I have an eye for layout and design. I can create wonderful things that catch people’s eyes, and that they enjoy. I can cook and bake, I can sing, just not well, I can memorize songs and scripture and poetry. I can be happy.
Sacrament meeting was a little surreal today, I got the distinct impression of being told to work on my family history. I wish that such revelation would tell me where to start.
Okay, so the opening hymn. It’s not one we sing often enough for me to have memorized, so I pulled out the hymnbook. I noticed that it was written by a fifth great-grandfather on my mother’s side. Interesting, I didn’t know he had a hymn in the hymnbook.
So, sit through announcements, sing the sacrament hymn, then listen to the first talk, which happens to be about families–specifically, don’t do stupid stuff because it can affect your families for generations, but, if and when you do mess up, things can be made right through the atonement of Christ. And, even if you do mess up, if you’ve been sealed in the temple, you’ll still be a part of your family forever. (The concept of forever kind of freaked me out at this point. Not the being with my family part, I love my family, but existing forever–but that’s another post.)
Rest hymn. One I know, so I don’t need the hymnbook. One that also happened to be written by a fourth great-grandfather on my father’s side. Okay, that’s a little weird…
Now, it’s not like I’m descended from WW Phelps or anything–I checked, and Edward Partridge (the grandfather on my mother’s side) has only the one hymn in the book, and Joel Hills Johnson (the grandfather on my father’s side) only has two.
I know it’s not the connections to these two men I need to work on–frankly, I can rattle it off in my sleep (Edward Partridge had two daughters, Eliza and Lydia, who were sister-wives, both married to Amasa Lyman. Lydia had a son named Edward Leo Lyman Sr. Who had a son, Edward Leo Lyman Jr, who had a daughter, Eleanor, who had a daughter Louise, who is my grandmother. Joel Hills Johnson had a son, Seth, who had a daughter Mary, who married George Hyrum, and they had George Hyrum Jr, who had a son Ellis, who is my grandfather)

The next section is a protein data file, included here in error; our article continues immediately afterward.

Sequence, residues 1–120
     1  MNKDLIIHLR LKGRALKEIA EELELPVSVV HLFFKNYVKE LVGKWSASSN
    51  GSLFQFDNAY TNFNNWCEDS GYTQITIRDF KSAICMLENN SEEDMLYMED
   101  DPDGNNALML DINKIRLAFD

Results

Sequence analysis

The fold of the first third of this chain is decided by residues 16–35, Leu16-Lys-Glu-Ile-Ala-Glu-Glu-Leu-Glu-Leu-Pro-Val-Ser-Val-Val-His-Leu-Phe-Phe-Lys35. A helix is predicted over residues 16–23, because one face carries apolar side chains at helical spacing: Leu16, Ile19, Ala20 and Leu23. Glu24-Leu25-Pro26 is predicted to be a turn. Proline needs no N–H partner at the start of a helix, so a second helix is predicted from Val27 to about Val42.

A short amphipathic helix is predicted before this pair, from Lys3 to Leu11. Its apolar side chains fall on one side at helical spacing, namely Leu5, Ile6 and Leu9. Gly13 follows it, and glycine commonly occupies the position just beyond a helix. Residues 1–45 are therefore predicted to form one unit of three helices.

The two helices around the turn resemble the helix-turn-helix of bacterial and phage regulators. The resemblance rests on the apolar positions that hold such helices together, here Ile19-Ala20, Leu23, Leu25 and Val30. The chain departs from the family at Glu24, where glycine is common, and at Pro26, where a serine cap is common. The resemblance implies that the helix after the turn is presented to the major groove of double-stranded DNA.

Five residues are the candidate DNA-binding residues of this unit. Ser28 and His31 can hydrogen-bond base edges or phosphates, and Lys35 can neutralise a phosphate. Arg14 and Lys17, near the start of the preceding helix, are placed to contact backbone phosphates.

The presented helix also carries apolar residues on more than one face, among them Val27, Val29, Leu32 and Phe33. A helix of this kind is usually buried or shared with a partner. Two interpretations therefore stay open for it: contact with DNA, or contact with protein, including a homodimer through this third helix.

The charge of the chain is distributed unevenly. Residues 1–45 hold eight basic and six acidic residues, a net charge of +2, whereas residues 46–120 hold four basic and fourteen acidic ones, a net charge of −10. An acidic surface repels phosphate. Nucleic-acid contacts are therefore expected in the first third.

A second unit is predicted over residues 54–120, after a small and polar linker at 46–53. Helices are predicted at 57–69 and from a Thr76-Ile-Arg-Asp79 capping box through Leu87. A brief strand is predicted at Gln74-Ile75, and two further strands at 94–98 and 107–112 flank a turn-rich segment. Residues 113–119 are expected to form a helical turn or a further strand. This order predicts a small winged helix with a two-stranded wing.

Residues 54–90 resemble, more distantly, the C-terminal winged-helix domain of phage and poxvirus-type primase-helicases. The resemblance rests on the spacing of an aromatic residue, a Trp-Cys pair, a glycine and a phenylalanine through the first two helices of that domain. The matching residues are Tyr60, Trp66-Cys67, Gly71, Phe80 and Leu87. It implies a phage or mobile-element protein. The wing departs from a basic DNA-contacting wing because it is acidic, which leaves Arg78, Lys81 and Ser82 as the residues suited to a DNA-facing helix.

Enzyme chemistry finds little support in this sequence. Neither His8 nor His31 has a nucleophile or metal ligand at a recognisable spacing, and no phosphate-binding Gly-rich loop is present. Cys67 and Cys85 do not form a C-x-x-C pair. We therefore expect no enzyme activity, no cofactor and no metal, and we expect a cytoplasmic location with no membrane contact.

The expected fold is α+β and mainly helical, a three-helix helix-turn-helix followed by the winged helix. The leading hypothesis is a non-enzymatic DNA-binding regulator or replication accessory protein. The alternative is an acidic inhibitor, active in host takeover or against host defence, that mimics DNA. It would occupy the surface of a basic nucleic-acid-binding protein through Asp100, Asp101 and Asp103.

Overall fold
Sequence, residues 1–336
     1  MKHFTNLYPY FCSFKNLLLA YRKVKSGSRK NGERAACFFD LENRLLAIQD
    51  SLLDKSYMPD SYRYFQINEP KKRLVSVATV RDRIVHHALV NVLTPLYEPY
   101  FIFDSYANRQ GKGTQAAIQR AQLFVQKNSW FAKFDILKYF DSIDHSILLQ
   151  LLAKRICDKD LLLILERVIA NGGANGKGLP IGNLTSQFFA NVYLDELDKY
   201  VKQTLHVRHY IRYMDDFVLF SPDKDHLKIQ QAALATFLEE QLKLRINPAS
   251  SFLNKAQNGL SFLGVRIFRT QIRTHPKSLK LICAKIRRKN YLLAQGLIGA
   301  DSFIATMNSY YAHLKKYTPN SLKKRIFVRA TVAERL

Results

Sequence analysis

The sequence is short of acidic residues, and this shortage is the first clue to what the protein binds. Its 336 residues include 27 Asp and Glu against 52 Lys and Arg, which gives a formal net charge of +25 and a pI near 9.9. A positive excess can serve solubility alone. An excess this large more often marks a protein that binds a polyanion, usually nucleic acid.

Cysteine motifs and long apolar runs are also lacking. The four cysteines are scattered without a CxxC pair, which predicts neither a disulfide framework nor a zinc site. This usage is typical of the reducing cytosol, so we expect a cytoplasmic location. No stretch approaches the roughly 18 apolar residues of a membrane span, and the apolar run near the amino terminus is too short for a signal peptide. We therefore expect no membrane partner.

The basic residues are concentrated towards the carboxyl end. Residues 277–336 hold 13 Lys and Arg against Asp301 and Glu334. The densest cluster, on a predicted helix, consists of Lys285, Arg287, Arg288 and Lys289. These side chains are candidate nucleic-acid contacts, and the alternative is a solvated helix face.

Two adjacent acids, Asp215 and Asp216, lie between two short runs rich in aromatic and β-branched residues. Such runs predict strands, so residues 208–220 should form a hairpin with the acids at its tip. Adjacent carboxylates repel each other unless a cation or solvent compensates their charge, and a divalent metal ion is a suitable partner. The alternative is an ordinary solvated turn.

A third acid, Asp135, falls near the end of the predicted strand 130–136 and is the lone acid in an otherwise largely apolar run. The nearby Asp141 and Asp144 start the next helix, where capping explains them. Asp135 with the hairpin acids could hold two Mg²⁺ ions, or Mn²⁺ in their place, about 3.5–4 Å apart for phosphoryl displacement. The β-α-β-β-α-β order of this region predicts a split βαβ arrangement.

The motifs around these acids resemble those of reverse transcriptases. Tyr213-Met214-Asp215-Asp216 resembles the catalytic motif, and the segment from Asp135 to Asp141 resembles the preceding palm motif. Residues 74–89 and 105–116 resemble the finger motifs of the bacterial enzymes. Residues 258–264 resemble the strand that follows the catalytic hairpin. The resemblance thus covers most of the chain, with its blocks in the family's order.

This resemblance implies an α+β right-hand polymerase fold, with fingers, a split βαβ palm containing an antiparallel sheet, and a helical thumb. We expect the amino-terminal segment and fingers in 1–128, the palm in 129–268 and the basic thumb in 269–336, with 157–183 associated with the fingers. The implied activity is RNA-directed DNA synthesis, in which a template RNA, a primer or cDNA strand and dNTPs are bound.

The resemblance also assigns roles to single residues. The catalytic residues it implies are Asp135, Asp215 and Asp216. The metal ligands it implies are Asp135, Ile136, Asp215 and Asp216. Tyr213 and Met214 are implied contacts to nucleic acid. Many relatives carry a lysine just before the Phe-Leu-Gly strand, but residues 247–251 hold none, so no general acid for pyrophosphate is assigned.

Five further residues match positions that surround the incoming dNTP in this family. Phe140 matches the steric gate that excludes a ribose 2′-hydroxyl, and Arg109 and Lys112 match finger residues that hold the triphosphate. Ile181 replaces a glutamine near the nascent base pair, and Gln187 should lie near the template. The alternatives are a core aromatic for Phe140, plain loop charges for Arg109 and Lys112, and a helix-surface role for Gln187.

Did I mention that every single one of those individuals were/are Mormon? (at least for a bit. Some [okay, one] of them apostatized…) Family history is a big deal with Mormons, and we tend to have large families. What I’m driving at, is that I’ve had many faithful aunts and uncles (though I’m going to go out on a limb and say mostly aunts) who have plucked most of the low hanging fruit. While tracing my ancestry, most lines have been completed to the 1500s. I know I need to do this work, but starting in medieval Europe is more than a bit overwhelming.
I guess the best thing to do would be to talk to the family history coordinator for the ward and stake, and have them help me figure it out…
At church today, I ran into a girl who I have contact with perhaps once a month. I can never remember her name, but she annoys me. I realized today why–she is very concerned about appearing perfect, and, the natural shape of her face and nose makes it appear that she is always looking down at the world around her.
We chatted for a bit–small talk, which I totally suck at, and I realized that she is quite a nice person, one who probably has a lot of the same neuroses that I do.
Mormons are very concerned with perfection–we are taught that the purpose of this life is to become perfect, like our Heavenly Father and Jesus Christ (see Matthew 5: 48 and 3rd Nephi 12:48) When perfection is discussed, we are reminded that perfection is impossible to obtain without the saving power of the atonement of Jesus Christ, and we will not be perfect until after the resurrection.
Granted, I know more Mormons than any other denomination, but it seems like we are more concerned with showing the world a perfect face than the rest of humanity. We have to be the most humble, the most sincere, the kindest, the most generous, etc. It’s exhausting, frustrating, and, quite frankly, depressing.
I’ve talked about this before from a personal viewpoint. WHY do we have to put a perfect face forward? Everyone is human, and everyone who has ever lived (besides Christ, of course) made or makes mistakes. We are not perfect. We are flawed, we mess up, we do dumb stuff. The beauty of the Plan of Salvation is that as many times as we mess up, we can repent and start fresh and new.
I know full well that one of the biggest challenges I face is overcoming the need to appear perfect. I know that no one thinks or expects me to be perfect right now, but I get mad at myself when I fall short. When I am fully aware of my shortcomings, I don’t want to go to places where I think they will be highlighted.
It doesn’t matter, I suppose. All we can do is keep moving forward.